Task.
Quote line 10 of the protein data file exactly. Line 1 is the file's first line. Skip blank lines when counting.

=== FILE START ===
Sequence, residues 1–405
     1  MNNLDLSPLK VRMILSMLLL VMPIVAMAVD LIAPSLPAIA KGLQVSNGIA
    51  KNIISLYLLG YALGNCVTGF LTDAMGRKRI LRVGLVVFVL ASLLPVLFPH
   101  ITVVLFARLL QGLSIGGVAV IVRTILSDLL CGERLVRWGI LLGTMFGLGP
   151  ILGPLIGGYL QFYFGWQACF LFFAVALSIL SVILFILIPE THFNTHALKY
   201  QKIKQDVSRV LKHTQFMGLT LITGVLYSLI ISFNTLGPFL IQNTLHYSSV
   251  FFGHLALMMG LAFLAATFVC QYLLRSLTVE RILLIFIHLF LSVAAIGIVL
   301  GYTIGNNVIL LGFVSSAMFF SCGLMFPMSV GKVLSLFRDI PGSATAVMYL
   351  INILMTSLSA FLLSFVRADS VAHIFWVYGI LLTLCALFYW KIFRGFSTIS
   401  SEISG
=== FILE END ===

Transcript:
   401  SEISG